Electoral Composition and the Midterm Loss Cycle
Cohen, Cameron Chase
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CitationCohen, Cameron Chase. 2020. Electoral Composition and the Midterm Loss Cycle. Bachelor's thesis, Harvard College.
AbstractThe president’s party has lost congressional seats in all but three midterm elections since the Civil War, a phenomenon known as the “midterm loss cycle.” This paper uses individual-level administrative voter files covering the vast majority of the U.S. electorate from 2008-2018 to study how compositional changes in the electorate influence the midterm loss cycle. My approach overcomes serious data limitations in prior research, which uses unreliable voting surveys or aggregate election results. Three main findings emerge. First, I show that the midterm electorate is substantially older, less sociodemographically diverse, and more educated than the presidential electorate. This runs contrary to results from survey data. Second, I identify a persistent “alignment gap,” in which voters are more likely to drop off in midterm elections when they share the president’s party than when they belong to the opposite party. I provide suggestive evidence that this alignment gap results from irregular, peripheral voters of the president’s party being differentially mobilized in the presidential election and then abstaining in the following midterm. Third, I estimate that the alignment gap cost the president’s party 14, 7, and 10 seats in the 2010, 2014, and 2018 midterm elections, respectively, or about one-third of the total seats lost. These results imply the necessity of accounting for compositional changes when studying the midterm loss cycle and illuminate substantial differences in the determinants of voting between presidential and midterm elections.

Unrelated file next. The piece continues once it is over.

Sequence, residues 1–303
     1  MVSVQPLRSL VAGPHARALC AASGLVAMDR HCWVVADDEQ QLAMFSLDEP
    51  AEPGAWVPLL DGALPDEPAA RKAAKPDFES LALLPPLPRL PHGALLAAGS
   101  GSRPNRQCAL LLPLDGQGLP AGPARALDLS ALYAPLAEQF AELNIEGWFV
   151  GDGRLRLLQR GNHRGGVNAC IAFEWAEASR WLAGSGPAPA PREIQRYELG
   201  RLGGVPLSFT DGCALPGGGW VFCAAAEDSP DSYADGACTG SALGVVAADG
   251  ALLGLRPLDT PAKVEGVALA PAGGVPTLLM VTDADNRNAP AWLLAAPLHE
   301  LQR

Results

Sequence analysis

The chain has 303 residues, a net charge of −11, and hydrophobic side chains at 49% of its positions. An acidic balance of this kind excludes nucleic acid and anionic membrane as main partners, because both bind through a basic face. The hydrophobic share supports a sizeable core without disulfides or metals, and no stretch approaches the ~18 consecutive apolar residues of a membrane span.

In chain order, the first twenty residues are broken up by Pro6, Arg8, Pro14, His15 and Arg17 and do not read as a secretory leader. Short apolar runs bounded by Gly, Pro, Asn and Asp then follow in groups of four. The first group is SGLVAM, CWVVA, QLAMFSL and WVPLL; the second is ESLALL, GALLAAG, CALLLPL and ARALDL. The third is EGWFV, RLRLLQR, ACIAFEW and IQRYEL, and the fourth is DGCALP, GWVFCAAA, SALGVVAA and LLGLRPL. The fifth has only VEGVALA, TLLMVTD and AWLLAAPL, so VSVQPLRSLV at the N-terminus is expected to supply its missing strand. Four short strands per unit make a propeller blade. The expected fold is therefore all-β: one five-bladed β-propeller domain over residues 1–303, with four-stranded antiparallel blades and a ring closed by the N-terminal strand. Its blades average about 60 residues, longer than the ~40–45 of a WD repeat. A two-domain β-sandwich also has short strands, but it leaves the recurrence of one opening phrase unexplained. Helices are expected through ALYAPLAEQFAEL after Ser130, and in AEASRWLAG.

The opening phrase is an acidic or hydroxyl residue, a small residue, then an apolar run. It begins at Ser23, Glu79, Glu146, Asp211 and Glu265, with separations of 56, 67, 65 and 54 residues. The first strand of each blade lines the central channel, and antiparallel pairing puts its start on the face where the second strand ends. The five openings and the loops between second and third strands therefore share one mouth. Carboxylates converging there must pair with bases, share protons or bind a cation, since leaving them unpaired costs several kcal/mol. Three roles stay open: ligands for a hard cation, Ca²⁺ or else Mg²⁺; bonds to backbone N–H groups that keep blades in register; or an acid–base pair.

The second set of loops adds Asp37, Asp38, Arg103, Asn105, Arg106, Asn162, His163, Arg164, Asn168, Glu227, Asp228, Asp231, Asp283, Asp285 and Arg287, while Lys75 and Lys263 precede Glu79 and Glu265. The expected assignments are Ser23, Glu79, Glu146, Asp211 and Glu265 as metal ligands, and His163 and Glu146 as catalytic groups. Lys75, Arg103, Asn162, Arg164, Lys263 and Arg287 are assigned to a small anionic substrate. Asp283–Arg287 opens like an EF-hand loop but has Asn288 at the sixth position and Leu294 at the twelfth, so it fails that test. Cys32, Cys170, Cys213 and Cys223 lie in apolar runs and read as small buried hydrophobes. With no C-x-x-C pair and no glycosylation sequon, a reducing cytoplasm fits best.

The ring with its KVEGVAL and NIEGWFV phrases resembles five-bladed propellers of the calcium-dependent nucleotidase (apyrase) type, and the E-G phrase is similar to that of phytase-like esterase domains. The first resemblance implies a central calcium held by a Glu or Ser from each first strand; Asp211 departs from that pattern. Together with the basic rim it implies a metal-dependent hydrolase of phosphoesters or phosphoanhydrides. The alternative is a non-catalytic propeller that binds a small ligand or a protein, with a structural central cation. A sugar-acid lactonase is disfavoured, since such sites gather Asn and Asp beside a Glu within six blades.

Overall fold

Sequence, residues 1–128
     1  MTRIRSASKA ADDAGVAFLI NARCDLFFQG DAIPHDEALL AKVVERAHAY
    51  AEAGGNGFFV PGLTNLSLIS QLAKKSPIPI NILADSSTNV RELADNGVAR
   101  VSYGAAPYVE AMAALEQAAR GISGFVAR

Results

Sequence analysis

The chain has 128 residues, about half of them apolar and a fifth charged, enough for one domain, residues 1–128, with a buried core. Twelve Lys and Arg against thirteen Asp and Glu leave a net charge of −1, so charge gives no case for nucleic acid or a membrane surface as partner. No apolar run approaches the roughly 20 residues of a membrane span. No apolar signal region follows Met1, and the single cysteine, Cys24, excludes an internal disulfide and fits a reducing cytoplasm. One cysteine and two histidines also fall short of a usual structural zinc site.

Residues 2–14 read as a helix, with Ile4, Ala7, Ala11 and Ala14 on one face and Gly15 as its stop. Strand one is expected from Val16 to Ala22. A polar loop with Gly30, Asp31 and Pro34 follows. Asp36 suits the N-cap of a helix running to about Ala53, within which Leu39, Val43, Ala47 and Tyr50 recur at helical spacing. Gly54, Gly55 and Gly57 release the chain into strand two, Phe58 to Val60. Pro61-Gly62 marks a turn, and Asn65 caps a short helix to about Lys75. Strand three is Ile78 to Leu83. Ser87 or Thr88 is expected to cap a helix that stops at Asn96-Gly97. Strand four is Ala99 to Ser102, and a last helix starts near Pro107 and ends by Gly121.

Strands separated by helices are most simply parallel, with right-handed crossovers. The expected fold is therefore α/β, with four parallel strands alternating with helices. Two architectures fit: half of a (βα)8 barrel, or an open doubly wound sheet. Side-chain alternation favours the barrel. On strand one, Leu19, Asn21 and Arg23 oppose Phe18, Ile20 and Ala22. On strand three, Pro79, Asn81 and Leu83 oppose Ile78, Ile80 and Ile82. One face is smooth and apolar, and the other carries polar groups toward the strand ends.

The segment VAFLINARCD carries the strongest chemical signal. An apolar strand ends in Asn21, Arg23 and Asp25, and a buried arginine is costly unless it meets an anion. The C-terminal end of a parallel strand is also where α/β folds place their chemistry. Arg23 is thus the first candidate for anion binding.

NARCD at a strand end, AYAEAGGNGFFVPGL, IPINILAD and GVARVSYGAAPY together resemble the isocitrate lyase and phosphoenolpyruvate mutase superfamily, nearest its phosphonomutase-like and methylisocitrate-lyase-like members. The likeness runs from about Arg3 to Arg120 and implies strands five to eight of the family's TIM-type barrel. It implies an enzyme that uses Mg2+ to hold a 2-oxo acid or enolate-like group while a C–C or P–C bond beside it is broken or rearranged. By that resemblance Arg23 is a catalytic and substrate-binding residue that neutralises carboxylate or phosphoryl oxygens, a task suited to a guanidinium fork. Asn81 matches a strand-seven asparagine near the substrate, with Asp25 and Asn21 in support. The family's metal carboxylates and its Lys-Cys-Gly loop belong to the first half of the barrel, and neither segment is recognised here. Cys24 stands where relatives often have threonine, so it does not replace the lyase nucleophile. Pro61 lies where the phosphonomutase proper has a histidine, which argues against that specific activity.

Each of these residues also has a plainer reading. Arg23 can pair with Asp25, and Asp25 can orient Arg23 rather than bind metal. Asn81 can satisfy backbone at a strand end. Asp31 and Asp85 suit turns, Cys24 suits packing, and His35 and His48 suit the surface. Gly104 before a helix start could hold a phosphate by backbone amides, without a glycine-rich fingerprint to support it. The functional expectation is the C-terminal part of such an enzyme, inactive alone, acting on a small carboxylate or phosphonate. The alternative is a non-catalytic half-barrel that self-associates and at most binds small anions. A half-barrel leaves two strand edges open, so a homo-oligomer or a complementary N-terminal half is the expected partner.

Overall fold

Citable link to this pagehttps://nrs.harvard.edu/URN-3:HUL.INSTREPOS:37364762
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